Emily A.’s Answer
Great question. The answer is a little tricky. The United States has a unique sports-to-education relationship. Most other colleges and universities in the world separate sports and education (they don't have a college swim team or soccer team etc). There are still teams you might be able to join while abroad but it likely wouldn't have anything to do with the university you attend. This doesn't mean that if you study abroad (which I highly encourage you to), that you can't play sports. I'm also a swimmer and when I studied abroad, I bought a local indoor pool-pass and swam there to keep up my physical activity, but I didn't have a scholarship. I also had friends who joined sport clubs outside of school while abroad.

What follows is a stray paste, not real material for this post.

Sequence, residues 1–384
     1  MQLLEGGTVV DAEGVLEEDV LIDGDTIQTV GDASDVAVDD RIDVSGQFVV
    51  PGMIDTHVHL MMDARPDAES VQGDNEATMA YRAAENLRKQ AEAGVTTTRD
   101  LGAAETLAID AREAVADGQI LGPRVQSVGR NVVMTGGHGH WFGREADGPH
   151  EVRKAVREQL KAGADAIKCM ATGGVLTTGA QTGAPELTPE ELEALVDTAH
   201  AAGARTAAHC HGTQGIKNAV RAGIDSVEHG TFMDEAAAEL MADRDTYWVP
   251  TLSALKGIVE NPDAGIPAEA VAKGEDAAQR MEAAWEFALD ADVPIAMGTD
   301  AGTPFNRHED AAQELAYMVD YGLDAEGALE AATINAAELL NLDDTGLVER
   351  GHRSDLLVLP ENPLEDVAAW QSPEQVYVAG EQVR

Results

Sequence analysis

The first thing to do is to see if you get recruited by a college for a swimming scholarship. If you don't get recruited or get a swimming scholarship, then you can freely go abroad without worry.
If you do get recruited, see what the terms and conditions are of your scholarship: is it a year-to-year scholarship? Can you take one year off to go abroad and swim again when you return?
Or is it a 4 year contract that, if broken, you lose your scholarship. Talk with the recruiter or coach to see what your options are.
If it comes down to where you have to pick one or the other, think long term- what are your plans for after college? If swimming is something you want to do professionally, then the choice should be to pick swimming over studying abroad.
If being a pro-swimmer is not in your career plans, then I would advise you go abroad over swimming. It gives you skills that employers look for- independence, communication, intercultural skills, open-mindedness, among many others that you can put on your resume and job applications. Not to mention, it's super exhilarating and life-changing!
Hope that helps!